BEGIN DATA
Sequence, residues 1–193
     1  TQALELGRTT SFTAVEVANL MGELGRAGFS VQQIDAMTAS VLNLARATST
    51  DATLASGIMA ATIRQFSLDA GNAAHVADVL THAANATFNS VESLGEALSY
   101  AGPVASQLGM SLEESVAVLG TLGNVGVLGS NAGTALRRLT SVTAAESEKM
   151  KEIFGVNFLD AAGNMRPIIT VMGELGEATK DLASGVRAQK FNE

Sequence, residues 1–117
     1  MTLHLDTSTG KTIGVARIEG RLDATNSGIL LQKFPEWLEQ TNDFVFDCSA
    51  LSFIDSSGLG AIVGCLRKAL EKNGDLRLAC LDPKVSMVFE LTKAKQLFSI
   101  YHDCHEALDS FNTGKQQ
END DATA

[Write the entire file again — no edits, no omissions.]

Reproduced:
Sequence, residues 1–193
     1  TQALELGRTT SFTAVEVANL MGELGRAGFS VQQIDAMTAS VLNLARATST
    51  DATLASGIMA ATIRQFSLDA GNAAHVADVL THAANATFNS VESLGEALSY
   101  AGPVASQLGM SLEESVAVLG TLGNVGVLGS NAGTALRRLT SVTAAESEKM
   151  KEIFGVNFLD AAGNMRPIIT VMGELGEATK DLASGVRAQK FNE

Sequence, residues 1–117
     1  MTLHLDTSTG KTIGVARIEG RLDATNSGIL LQKFPEWLEQ TNDFVFDCSA
    51  LSFIDSSGLG AIVGCLRKAL EKNGDLRLAC LDPKVSMVFE LTKAKQLFSI
   101  YHDCHEALDS FNTGKQQ